Te Aranga Māori Design Principles

    Landscape architect graduate Jacqueline Paul (Ngāti Kahungunu, Ngāpuhi, Ngāti Tūwharetoa), from the Shaping Places: Future Neighbourhoods team, and landscape architect William Hatton (Ngāti Kahungunu, Rongomaiwahine, Rangitāne, Ngāti Raukawa, Muaūpoko) write on Te Aranga Māori Design Principles developed by the Auckland Council in conjunction with mana whenua to provide practical guidance for designers shaping the city’s built environment.

    Hape - Protect Ihumatao. Photo: Yamen Jawish.

    Concepts of Neighbourhood

    The Shaping places: Future Neighbourhoods research programme is focused on researching liveable and well-designed neighbourhoods, including houses, which contribute to successful towns and cities. It is seeking to develop our understanding of the principles and processes that create more successful neighbourhoods. This includes both the physical and social structure of neighbourhoods. Within this context, researcher Dr Natalie Allen has developed a literature review. This working paper is designed to offer a frame of reference for subsequent research into New Zealand’s neighbourhood context and to provide an overview of why considering the concept of neighbourhood is important.

    Renting for the over 65s

    Dr Kay Saville-Smith discusses the burgeoning renters sector on Radio New Zealand's Lately with Karyn Hay, predicting that in 20 years' time more than half of those over 65 will be renting - and even now many are turning to flatting.

    Cultural landscape approach to design at ICOMOS

    Integrating Kaupapa Māori and Te Aranga design principles into design processes was the theme of a paper presented by Building Better researchers Jacqueline Paul and Jade Kake at the ICOMOS 2018 conference in Suva, Fiji earlier this month. The aim of the conference was to share knowledge, celebrate the rich culture of the Pacific, and discuss common issues of heritage conservation across the region.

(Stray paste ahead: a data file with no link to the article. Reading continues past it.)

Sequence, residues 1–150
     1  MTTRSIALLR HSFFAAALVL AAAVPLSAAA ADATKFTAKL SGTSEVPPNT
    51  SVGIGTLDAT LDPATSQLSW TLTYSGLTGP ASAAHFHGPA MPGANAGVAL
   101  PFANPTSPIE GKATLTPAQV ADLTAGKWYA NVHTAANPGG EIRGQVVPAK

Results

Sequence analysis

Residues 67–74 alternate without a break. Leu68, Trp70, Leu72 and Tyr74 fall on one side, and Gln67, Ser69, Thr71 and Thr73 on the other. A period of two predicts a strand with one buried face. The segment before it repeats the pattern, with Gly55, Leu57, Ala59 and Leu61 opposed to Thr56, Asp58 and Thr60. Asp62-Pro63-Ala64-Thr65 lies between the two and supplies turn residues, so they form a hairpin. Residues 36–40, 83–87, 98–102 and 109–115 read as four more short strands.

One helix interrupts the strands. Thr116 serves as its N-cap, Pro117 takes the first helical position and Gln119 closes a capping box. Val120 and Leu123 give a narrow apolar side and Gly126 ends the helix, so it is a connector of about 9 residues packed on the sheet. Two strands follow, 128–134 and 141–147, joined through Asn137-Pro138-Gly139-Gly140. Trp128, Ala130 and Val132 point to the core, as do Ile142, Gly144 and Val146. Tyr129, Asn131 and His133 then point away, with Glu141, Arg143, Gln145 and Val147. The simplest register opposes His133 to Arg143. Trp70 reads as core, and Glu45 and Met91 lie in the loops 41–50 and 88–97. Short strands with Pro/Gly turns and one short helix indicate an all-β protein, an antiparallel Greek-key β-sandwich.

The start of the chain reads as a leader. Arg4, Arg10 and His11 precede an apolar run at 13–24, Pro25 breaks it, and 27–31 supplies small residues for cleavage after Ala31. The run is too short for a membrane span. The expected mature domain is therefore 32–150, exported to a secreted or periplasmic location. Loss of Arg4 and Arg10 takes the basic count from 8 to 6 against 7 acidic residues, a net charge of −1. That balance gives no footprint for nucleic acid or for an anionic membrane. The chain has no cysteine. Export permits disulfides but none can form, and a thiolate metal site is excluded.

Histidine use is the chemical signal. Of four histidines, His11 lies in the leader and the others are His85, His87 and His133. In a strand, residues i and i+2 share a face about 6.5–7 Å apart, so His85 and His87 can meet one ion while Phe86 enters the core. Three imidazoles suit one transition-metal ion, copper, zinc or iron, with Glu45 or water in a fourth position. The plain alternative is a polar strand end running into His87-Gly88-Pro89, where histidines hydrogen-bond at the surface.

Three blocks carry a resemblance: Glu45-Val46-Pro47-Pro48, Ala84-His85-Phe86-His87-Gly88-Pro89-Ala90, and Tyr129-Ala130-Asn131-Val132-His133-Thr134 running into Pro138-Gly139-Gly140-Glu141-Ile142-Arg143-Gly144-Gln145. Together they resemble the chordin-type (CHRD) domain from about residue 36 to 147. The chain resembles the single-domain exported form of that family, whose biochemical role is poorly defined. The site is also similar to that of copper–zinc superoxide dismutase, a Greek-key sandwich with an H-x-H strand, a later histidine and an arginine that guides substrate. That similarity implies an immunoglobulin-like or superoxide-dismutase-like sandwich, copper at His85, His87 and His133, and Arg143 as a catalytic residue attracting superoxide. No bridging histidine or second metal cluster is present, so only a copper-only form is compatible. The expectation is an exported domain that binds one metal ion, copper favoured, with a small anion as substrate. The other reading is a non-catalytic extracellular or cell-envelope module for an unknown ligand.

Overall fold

Jade reflected on her experiences of the conference, finding some presentations troubling, while others were uplifting.

    Attending the ICOMOS 2018 conference, from left, Jade Kake, Gordon Edward (from Vanuatu), Jacqueline Paul. Gordon was also funded by the New Zealand Government to attend the conference. Photo: Jade Kake.

    Action-packed month for New Zealand’s housing sector

    Throughout November, planners, policymakers and the public gathered around the country to look at how to plan and build in ways that create more connected communities.

    Building Better Homes, Towns and Cities (BBHTC) - Ko ngā wā kāinga hei whakamāhorahora - sponsored a number of key events to inform how we deliver affordable, healthy homes, create attractive, functional urban neighbourhoods and build Māori housing.